* Trade deficit widens to $42.2 billion in October
* Exports post biggest drop in nearly four years
* Imports lowest in 1-1/2 years, underscores weak demand
* Wholesale inventories rise as sales tumble
By Lucia Mutikani
WASHINGTON, Dec 11 The U.S. trade deficit
widened in October as exports suffered the biggest drop in
nearly four years, indicating slowing global demand was spilling
over into the already struggling U.S. economy.
The Commerce Department said on Tuesday the trade gap
increased 4.9 percent to $42.2 billion. In a sign of weak
domestic demand, imports hit the lowest level in 1-1/2 years.
"The report tells a tale of weakening economic growth
momentum both domestically and globally," said Millan Mulraine,
a senior economist at TD Securities in New York.
Economists, who had expected the trade deficit to widen to
$42.6 billion in October, said superstorm Sandy could have
disrupted trade flows. The storm, which struck the East Coast in
late October, temporarily shut ports in New York and New Jersey.
However, the Commerce Department did not indicate that Sandy
was a factor. The wider trade gap in October reflected a 3.6
percent fall in exports of goods and services to $180.5 billion.
That was the biggest percentage drop in exports since January
Exports have been one of the pillars supporting the economy
since the 2007-09 recession ended. The pull=back in October's
export growth was telegraphed by weak manufacturing surveys and
reflects slowing global demand.
Imports of goods and services fell 2.1 percent to $222.8
billion in October, the lowest since April 2011. Economists said
the decline in imports was hardly surprising given a weakening
in consumer demand in recent months.
Fears that tighter fiscal policy, set to kick in early next
year, could push the economy back into recession have sapped
domestic demand and made businesses cut back on spending.
Trade was a modest boost to the third quarter's 2.7 percent
annual growth pace. Revisions to September's data showed a
narrower trade gap than previously reported and suggest the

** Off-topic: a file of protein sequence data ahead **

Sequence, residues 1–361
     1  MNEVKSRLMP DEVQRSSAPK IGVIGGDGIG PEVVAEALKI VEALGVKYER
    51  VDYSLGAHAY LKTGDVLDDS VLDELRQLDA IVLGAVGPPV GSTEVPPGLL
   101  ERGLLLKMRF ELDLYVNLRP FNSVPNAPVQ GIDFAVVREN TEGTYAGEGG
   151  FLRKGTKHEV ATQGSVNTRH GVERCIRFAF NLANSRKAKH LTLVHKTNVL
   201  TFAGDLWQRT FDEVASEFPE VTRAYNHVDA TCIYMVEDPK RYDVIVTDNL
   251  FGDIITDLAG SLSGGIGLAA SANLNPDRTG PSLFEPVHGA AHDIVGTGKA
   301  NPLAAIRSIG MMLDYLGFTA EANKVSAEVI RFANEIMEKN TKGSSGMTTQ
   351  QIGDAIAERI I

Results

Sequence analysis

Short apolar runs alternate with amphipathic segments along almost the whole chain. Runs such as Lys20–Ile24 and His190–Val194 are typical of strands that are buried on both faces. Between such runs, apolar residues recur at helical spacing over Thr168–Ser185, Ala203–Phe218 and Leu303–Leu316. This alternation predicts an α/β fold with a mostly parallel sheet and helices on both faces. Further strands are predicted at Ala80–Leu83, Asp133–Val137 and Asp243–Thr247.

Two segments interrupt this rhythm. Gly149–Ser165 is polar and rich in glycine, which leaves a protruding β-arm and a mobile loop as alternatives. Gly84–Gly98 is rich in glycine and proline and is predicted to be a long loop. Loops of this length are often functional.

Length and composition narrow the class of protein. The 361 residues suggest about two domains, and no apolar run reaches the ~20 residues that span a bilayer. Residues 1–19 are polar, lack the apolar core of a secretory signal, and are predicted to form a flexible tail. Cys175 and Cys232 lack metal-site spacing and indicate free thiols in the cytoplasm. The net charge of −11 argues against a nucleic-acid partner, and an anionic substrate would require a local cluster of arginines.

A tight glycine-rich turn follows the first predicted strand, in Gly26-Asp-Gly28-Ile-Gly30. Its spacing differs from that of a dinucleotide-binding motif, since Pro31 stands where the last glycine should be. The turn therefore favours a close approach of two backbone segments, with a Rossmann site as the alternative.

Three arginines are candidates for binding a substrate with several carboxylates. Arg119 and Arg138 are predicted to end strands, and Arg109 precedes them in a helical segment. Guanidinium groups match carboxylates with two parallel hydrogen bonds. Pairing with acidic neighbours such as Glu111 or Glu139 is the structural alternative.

contribution from trade was probably slightly bigger.
NEUTRAL GROWTH IMPACT FROM TRADE
In October, the inflation-adjusted trade deficit narrowed to
$46.2 billion from $46.6 billion in September.
While that led some economists to raise their meager fourth
quarter gross domestic product estimates, others cautioned the
bar was very high for a meaningful contribution from trade
because of the export plunge in October.
In addition, a strike by West Coast dock workers in late
November and early December likely reduced trade last month.
"Looking through all these distortions, trade is going to be
neutral on growth," said Ryan Sweet, a senior economist at
Moody's Analytics in West Chester, Pennsylvania.
Stocks on Wall Street ended higher, with the Standard &
Poor's 500 index closing at its best level since the Nov.
6 election. Prices for U.S. government debt fell,
while the dollar weakened across the board.
The three-month moving average of the trade deficit, which
irons out month-to-month volatility, widened modestly to $41.7
billion from $41.5 billion in the three months to September.
WHOLESALE INVENTORIES UP, SALES DOWN
Weak domestic demand was also underscored by a 0.6 percent
rise in wholesale inventories in October, which came as sales
fell for the first time in three months, a second Commerce
Department report showed.
That pushed the inventories/sales ratio, a measure of how
long it would take wholesalers to clear their warehouses, to a
three-year high. Inventories accounted for more than a quarter
of the economy's annual 2.7 percent growth pace in the third
October's restocking at wholesalers suggested the hit to GDP
growth from inventories this quarter would probably not be as
big as initially feared, economists said.
"We got a big inventory build-up in the third quarter and
some of that was unwanted. Businesses will probably be content
to draw down their inventories to meet demand," said Sweet.
"We are seeing the drivers of growth shifting away from
business investment, inventories and trade to a more
consumer-led recovery, but they won't be able to really drive
growth over the next few months because of concerns about the
A third report showed confidence among small business owners
dived in November and economists pinned that on the fears of
deep government spending cuts and higher taxes which could drain
about $600 billion from the economy early next year.
The National Federation of Independent Business said on
Tuesday its optimism index plummeted 5.6 points to 87.5 last
month, the weakest reading since March 2010.
While U.S. exports to the 27-member European Union rose 1.4
percent in October, there were substantial declines in goods
shipped to France, Germany, Italy and the United Kingdom.
Exports to the EU in the first 10 months of 2012 were down 0.7
percent compared to the same period in 2011.
However, the Commerce Department only reports goods trade
balances with individual countries and regions on a not
seasonally adjusted basis.
U.S. exports to Latin America also fell in October, and
shipments to Japan were down 8 percent.
Although exports to China, which have been growing more
slowly than in recent years, surged 23.1 percent in October,
imports rose to a record. That pushed the contentious U.S. trade
deficit with China to a record $29.5 billion.